Bankers' bonuses 'not to blame' for financial crisis – new research
Release Date 21 December 2011
Bankers' bonuses are not to blame for the poor decisions that caused the global financial crisis, new research has found.
Dr Sarah Jewell, an economist from the University of Reading's School of Politics, Economics and International Relations, has co-authored a paper countering claims that large bonuses in the banking industry are at the root of the global financial crisis.
The paper was published as the Government this week (Monday 19 December) accepted much of the proposals contained in the Vickers report into the reform of the banking system in the UK.
The researchers' study of executive pay found that although remuneration in the financial services sector is high, compared to other industries there is no evidence to support the argument that inappropriate incentive structures led banking executives to take excessive risks for short-term profits.
The suggested dependence of bonus payments on short-term corporate performance has led to the notion that bankers were over-incentivised to take risks, and was named as a factor behind the crisis in the Turner Report, commissioned by the government to make recommendations for regulatory reform in the banking industry.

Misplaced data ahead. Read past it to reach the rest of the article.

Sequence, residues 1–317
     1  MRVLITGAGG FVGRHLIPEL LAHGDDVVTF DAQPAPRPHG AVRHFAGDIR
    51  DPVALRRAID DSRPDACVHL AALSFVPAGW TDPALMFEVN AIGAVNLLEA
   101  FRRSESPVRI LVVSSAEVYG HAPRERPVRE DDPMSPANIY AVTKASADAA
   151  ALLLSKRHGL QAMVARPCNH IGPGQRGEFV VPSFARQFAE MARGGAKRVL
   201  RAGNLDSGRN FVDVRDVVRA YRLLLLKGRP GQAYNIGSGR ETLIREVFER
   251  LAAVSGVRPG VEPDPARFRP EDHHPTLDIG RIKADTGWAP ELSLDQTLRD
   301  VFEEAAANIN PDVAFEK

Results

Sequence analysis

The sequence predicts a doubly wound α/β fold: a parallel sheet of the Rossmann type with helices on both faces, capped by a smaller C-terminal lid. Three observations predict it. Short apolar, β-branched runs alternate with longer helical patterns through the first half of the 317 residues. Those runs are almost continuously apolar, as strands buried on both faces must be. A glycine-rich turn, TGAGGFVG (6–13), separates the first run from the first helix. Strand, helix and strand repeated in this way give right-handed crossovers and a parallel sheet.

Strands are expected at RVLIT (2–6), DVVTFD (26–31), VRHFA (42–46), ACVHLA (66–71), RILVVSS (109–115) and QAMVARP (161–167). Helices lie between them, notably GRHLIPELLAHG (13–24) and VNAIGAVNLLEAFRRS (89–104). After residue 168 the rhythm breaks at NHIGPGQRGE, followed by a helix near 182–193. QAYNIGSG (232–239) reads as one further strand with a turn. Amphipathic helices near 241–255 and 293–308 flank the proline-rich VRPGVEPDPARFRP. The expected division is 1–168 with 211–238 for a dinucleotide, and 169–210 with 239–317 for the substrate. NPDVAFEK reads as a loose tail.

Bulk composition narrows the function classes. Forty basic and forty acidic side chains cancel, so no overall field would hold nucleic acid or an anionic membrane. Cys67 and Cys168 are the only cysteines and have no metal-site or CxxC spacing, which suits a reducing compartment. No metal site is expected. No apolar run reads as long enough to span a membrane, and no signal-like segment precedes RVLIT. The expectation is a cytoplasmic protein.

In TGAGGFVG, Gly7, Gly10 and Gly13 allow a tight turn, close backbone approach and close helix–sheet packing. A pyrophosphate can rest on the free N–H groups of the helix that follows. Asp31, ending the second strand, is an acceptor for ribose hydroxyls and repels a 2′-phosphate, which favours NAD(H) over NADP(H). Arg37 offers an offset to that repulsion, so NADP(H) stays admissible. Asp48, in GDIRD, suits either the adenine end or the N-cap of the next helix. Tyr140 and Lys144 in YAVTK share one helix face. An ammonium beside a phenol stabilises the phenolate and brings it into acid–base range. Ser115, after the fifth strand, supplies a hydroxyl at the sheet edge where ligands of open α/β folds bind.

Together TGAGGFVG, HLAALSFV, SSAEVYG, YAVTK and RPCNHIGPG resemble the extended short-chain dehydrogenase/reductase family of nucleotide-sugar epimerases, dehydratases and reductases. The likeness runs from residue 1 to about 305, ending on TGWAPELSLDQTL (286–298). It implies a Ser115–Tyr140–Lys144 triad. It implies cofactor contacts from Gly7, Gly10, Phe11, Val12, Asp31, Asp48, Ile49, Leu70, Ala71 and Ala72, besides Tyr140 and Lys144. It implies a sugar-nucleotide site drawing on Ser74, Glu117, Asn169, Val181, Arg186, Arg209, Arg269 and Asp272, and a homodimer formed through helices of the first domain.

To investigate this claim, researchers correlated directors' pay in any year with the share price performance of the company in the same year, to see what the relationship was between pay and performance. They concluded that it was weak.
The research showed a stronger link between executive pay and firm size, implying that executives may be incentivised to ‘grow' their company either by internal organic growth or acquisitions.
Dr Jewell said: "It is perceived that bankers' bonuses were to blame for the financial crisis, but our research has found that there is no evidence to show the relationship of pay and peformance of senior directors of banks were out of step with other sectors.
"Bankers' salaries are high, but our research found that directors were being paid high salaries irrespective of short-term share price performance. We found stronger links between executive pay and company size, suggesting directors had more personal incentives to grow their businesses than achieve short-term profits"
The research was carried out with Professor Ian Tonks and Professor Paul Gregg from the University of Bath. Their research has been submitted to the government's consultation on executive remuneration.
Professor Tonks, from the University of Bath's School of Management, said: "Following the crisis, a number of official reports have placed a lot of emphasis on curbing incentives, but in fact there is no evidence that incentive structures in banking were out of step with other sectors.
"I should emphasise that we are not trying to defend bankers' pay; our argument is simply that any poor decisions made by bankers that led to the financial crisis were not made because of their incentive payment structures."
Notes to editors
Executive Pay and Performance: Did Bankers' Bonuses Cause the Crisis? Professor Paul Gregg, University of Bath (formerly Bristol), Sarah Jewell, University of Reading, and Professor Ian Tonks, University of Bath; International Review of Finance, forthcoming 2011. DOI: 10.1111/j.1468-2443.2011.01136.x
View the paper at: http://www.bath.ac.uk/management/research/pdf/2011-01.pdf